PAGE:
Typically they are flawed for the same reason the “personally opposed” position collapses into incoherence: They ignore the particular injustice of treating an entire class of persons, unborn children, as nonpersons with no right to life. That’s the main (though not the only) thing wrong with arguments that other issues — climate change or health care, for example — should be given weight equal to that given to abortion. Whoever is right about what health-care arrangements are best, the advocates of none of them argue for the direct killing of, or the permission to kill, large numbers of people because they belong to a disfavored class. It’s what’s wrong with the argument that overturning Roe won’t prohibit abortion by itself: In addition to being (as a practical matter) a prerequisite for prohibiting abortion anywhere in the U.S., overturning Roe will definitely accomplish the goal of excising a vicious anti-principle read into our fundamental law (with no warrant in its text, logic, structure, or historical understanding) by judges who acted in a grossly prejudiced manner against unborn children. It’s what’s wrong with a focus on the abortion rate to the exclusion of abortion law. . . .
On a somewhat different plane are arguments that abortion must be weighed against other moral evils. Several such arguments have been made to dissuade pro-lifers from voting for President Trump. He supports the death penalty, which a significant number of opponents of abortion consider to violate the sanctity of human life. He has advocated war crimes. Worst, he imposed a zero-tolerance policy at the border that had the predictable effect of separating large numbers of children from their parents. He and some of his aides reportedly welcomed this humanitarian catastrophe as a deterrent.
There are three things to consider when evaluating such issues. The first is the gravity of the evil. Even if it is wrong to execute someone judged guilty of murder even in a fair trial (as we believe), it is not on the plane of injustice of killing the innocent, nor does the Catholic Church regard it as such. The second is the scope of the evil. Abortion kills nearly 1 million unborn children each year in the United States; executions are less common than death by lightning strike; Trump, for all his many faults and failings, has not followed through on his disgusting bluster about killing terrorists’ relatives. And the third is that an argument against voting for a candidate who opposes abortion is not an argument for voting for a candidate who supports it. If both leading candidates for an office fail a threshold test of moral acceptability, it remains possible to choose an independent or third-party candidate, write someone in, or abstain.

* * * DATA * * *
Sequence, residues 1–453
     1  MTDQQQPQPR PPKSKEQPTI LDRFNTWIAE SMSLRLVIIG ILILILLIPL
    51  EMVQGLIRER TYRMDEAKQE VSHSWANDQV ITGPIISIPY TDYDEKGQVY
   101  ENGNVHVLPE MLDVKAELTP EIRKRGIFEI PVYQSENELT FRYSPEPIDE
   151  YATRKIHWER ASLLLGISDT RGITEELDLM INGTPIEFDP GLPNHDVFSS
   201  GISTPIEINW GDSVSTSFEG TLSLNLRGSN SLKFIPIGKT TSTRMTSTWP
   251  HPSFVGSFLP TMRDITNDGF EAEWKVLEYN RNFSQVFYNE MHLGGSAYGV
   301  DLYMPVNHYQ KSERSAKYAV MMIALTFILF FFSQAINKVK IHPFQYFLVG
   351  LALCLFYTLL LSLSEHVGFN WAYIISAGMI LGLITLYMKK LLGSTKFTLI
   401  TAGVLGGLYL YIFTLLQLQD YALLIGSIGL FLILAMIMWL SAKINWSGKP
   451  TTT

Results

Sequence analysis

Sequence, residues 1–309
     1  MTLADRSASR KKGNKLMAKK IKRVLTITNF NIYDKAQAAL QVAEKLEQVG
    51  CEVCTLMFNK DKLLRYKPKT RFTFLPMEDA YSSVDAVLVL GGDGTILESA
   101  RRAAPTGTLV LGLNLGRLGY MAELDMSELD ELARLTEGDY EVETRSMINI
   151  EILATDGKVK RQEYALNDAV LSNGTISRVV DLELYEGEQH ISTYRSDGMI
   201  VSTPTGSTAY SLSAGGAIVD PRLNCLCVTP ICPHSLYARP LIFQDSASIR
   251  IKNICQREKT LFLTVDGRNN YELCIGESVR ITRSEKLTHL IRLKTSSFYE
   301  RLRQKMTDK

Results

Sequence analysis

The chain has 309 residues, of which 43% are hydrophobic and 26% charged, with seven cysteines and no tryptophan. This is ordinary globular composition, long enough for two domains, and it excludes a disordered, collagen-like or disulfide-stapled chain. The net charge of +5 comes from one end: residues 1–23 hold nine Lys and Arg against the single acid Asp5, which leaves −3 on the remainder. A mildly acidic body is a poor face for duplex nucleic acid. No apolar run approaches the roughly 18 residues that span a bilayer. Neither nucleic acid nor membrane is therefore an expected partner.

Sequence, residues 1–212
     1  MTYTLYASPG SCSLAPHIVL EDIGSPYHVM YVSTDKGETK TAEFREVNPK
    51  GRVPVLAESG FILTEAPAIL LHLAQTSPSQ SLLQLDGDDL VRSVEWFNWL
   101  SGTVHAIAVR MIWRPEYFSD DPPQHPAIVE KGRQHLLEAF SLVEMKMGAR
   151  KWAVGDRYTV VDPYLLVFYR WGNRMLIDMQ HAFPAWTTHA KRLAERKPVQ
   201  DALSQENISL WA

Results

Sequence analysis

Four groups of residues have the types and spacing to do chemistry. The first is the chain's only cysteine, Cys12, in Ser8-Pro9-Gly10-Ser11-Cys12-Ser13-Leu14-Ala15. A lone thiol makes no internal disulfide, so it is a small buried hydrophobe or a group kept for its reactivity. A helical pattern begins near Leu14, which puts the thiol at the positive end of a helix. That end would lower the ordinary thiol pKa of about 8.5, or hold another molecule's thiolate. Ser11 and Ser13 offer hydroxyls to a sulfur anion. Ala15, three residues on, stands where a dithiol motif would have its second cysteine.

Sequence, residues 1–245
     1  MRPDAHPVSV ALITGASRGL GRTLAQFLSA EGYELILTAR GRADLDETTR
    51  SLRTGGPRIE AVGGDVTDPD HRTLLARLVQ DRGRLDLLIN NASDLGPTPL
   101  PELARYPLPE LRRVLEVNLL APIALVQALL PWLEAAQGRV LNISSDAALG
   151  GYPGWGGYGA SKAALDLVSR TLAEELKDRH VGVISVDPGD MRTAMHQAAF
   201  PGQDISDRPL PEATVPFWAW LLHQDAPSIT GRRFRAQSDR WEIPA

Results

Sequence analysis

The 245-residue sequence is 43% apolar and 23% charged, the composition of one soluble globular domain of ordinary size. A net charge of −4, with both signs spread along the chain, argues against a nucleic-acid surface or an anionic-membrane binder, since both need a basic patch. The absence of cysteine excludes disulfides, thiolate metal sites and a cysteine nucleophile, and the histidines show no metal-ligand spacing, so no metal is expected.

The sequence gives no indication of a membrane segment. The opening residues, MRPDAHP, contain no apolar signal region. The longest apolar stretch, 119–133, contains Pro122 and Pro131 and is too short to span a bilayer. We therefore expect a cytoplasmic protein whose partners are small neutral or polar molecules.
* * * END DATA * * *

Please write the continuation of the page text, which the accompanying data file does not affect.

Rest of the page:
In other words, abortion is an act of violence and injustice against a whole segment of human beings. In this, it is like slavery. You can’t be “personally opposed” to slavery, while still believing that it should be legal. I would add that while the violence of abortion is committed by abortionists, the injustice of it all is perpetrated by the government that allows it. This is also like slavery: not everyone owned slaves, but the laws that allowed it and the government that protected it were at fault and needed to be changed.